A 5-year study observing 904 physicians found 35.9% of them had an opioid use disorder.

Medical Professionals’ Access To Opioids

Doctors sneaking doses of drugs and taking it on the clock is not unheard of. Being around the environment of drugs only makes it worse. Opening up about addiction as a medical professional creates much uncertainty. Doctors and nurses could lose their medical license, risking social embarrassment, job loss, and shame. If they are struggling with addition or mental health challenges, getting help may be more difficult in their minds since much is at risk of being lost. Nevertheless, getting help for such a powerful class of chemicals is best, rather than risking the health of the medical professional and their patients.

Take action & empower yourself

Call now to be connected to a compassionate treatment professional.

Signs Of Opioid Abuse In Medical Professionals

Doctors and nurses who use drugs and are under the influence of an opioid risk impairing their ability to help sick patients. Signs of opioid abuse a medical professional may exhibit are, but are not limited to:

  • Poor job performance
  • Not showing up for work
  • Drowsiness on the job
  • Tardiness
  • Admitting to excessive opioid use
  • Jokes about taking opioids for unauthorized reasons
  • Problems sleeping
  • Poor productivity
  • Errors in medical documentation
  • Increasing opioid dosage
  • Poor hygiene
  • Weight loss
  • Problems concentrating or decision making
  • Intense cravings
  • Mismanaging money, stealing money or spending on drugs

It’s helpful to be able to spot signs of opioid abuse, especially in medical professionals. Since they have to be alert and healthy to save lives, noticing any irregular patterns of behavior could help them realize they have a problem.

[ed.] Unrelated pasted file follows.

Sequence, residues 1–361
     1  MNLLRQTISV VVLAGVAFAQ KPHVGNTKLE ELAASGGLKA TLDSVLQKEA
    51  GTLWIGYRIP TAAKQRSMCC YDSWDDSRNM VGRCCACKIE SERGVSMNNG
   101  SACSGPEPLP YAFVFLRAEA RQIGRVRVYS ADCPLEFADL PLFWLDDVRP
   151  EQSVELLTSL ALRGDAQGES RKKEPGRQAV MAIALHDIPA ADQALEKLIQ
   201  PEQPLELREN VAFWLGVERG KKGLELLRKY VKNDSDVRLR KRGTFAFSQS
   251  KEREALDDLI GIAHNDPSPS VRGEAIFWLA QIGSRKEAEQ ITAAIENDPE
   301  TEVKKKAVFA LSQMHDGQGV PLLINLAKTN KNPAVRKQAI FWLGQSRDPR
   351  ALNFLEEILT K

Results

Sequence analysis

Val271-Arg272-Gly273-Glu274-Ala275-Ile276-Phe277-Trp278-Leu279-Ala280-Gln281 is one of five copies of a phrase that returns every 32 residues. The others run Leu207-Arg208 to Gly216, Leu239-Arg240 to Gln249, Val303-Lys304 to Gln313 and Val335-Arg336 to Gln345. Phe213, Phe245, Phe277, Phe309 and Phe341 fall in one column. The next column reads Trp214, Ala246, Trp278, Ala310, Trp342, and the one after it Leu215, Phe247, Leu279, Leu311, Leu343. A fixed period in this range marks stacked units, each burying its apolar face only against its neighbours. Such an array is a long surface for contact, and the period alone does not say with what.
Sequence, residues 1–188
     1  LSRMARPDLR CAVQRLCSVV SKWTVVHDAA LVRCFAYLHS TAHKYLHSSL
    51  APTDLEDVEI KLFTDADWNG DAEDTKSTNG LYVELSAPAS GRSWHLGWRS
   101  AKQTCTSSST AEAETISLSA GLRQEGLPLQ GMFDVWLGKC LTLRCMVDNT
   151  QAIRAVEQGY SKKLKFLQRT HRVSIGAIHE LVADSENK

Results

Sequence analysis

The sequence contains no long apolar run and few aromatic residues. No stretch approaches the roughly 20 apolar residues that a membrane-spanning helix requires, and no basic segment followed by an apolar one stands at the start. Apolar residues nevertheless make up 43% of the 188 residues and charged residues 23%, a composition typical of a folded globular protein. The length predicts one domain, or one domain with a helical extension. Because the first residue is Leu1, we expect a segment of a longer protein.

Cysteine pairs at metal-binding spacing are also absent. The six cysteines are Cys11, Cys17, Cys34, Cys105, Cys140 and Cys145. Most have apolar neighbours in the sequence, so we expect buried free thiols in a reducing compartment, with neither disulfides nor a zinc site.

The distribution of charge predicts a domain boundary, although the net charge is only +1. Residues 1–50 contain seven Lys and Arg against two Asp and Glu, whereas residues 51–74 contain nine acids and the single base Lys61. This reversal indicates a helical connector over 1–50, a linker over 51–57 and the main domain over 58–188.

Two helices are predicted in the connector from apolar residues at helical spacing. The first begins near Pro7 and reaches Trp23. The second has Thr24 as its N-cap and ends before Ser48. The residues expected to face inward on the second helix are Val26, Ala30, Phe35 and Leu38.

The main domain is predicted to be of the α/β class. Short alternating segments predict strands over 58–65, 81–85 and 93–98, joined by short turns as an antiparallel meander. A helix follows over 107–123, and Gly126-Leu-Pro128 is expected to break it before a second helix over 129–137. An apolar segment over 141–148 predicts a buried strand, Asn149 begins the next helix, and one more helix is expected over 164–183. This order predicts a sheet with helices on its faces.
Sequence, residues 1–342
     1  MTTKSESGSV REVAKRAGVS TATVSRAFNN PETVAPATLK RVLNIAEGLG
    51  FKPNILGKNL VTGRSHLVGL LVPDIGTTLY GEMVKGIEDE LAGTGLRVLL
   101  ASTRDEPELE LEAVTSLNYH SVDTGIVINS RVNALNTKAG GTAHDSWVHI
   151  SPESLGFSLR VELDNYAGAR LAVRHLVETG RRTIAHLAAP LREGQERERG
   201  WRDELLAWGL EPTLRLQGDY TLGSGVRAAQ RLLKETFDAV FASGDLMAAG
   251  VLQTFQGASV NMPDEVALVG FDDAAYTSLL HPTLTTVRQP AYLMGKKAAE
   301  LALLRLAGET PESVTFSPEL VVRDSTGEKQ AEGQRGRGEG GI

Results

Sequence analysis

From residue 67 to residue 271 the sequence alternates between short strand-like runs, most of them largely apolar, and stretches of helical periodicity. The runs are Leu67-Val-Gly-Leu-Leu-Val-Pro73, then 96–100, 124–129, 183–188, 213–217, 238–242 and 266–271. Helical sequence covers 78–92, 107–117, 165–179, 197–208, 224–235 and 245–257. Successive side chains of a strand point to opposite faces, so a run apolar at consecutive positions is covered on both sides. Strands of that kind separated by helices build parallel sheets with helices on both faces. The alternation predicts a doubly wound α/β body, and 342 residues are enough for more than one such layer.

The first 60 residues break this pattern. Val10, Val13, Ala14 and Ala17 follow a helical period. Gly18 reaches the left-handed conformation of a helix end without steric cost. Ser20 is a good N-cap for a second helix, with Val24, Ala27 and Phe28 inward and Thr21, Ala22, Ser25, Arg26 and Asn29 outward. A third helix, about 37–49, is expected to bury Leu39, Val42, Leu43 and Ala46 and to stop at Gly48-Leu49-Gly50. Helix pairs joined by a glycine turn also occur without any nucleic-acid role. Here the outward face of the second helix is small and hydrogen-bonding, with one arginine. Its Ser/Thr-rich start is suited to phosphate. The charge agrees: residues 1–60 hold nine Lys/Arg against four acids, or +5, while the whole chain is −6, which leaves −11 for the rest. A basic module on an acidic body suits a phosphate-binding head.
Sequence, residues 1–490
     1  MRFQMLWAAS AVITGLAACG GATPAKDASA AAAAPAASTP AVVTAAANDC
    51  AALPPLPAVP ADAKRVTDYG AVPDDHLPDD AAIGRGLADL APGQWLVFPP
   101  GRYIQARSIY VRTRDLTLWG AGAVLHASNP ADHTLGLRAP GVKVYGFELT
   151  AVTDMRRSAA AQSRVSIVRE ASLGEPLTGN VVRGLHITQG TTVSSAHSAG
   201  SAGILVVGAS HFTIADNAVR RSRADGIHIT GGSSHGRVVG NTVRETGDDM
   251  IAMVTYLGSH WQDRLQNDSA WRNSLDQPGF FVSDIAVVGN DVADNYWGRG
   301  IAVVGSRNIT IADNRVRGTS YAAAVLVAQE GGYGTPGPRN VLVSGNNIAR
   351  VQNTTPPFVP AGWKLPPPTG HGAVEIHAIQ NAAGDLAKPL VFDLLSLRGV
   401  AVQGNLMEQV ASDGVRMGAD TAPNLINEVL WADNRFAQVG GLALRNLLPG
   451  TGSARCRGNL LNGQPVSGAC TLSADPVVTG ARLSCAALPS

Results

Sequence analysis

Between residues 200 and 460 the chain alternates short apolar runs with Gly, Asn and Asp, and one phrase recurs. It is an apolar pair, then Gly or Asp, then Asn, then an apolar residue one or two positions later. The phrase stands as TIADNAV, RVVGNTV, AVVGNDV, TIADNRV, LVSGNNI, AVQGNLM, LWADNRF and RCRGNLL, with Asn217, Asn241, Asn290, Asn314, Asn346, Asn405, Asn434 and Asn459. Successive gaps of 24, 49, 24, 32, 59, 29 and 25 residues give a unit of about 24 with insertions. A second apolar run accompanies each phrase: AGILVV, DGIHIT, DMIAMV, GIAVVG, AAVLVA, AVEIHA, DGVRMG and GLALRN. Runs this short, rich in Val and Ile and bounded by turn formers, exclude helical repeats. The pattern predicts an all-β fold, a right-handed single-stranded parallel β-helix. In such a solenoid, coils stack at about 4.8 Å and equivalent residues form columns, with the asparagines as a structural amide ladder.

Questions about treatment?

Get 24/7 help. Call now for:

  • Access to top treatment centers
  • Caring, supportive assistance
  • Financial assistance options
(877) 648-4288

Treatment For Opioid Abuse

Fortunately, medical professionals have unique treatment options that can help with sobriety. For starters, there are rehab facilities with detox programs ideal for medical professionals. Other facilities offer privacy for professionals, giving patients the confidentiality needed. Rehab facilities offer state of the art medications with monitoring for quality care. Common treatment medications for opioid abuse include:

  • Methadone (prevents cravings, withdrawal symptoms. This can be addictive and needs to be monitored or regulated.)
  • Buprenorphine (Reduces the effects of opioids by blocking them off. This drug also reduces withdrawal symptoms caused by opioids.)
  • Naltrexone (Blocks the feelings of opioids and eliminates euphoric feelings caused by opioids.)

In addition, if someone experiences depression or anxiety post-treatment, they can receive medications and counseling to uncover motives behind substance abuse.

Ready To Take Control Of Your Life?

Opioid abuse is a slippery slope that only gets worse with time. Sometimes opioid abuse can have fatal outcomes. If you or a loved one struggles with the grip of opioid abuse, contact a qualified treatment provider risk free. You deserve to heal and live a life of sobriety.

What are you struggling with?

There are many different forms of addiction. Get the information you need to help you overcome yours.

Treatment specialists are waiting for your call

(877) 648-4288

or

Treatment specialists are waiting for your call

(877) 648-4288